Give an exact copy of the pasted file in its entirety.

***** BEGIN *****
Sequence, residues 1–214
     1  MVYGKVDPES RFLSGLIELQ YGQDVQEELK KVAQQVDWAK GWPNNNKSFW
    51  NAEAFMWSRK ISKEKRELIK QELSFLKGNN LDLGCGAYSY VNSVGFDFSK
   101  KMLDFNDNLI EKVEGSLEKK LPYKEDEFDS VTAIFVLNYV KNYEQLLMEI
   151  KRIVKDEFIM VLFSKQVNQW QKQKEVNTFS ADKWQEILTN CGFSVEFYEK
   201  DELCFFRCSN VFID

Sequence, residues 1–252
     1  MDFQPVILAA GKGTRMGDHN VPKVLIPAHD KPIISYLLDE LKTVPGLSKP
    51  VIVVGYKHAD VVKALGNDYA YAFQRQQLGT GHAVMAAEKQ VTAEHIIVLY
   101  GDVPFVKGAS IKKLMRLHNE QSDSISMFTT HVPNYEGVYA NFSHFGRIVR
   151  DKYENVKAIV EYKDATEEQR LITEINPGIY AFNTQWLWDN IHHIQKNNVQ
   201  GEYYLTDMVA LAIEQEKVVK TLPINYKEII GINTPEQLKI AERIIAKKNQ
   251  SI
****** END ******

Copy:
Sequence, residues 1–214
     1  MVYGKVDPES RFLSGLIELQ YGQDVQEELK KVAQQVDWAK GWPNNNKSFW
    51  NAEAFMWSRK ISKEKRELIK QELSFLKGNN LDLGCGAYSY VNSVGFDFSK
   101  KMLDFNDNLI EKVEGSLEKK LPYKEDEFDS VTAIFVLNYV KNYEQLLMEI
   151  KRIVKDEFIM VLFSKQVNQW QKQKEVNTFS ADKWQEILTN CGFSVEFYEK
   201  DELCFFRCSN VFID

Sequence, residues 1–252
     1  MDFQPVILAA GKGTRMGDHN VPKVLIPAHD KPIISYLLDE LKTVPGLSKP
    51  VIVVGYKHAD VVKALGNDYA YAFQRQQLGT GHAVMAAEKQ VTAEHIIVLY
   101  GDVPFVKGAS IKKLMRLHNE QSDSISMFTT HVPNYEGVYA NFSHFGRIVR
   151  DKYENVKAIV EYKDATEEQR LITEINPGIY AFNTQWLWDN IHHIQKNNVQ
   201  GEYYLTDMVA LAIEQEKVVK TLPINYKEII GINTPEQLKI AERIIAKKNQ
   251  SI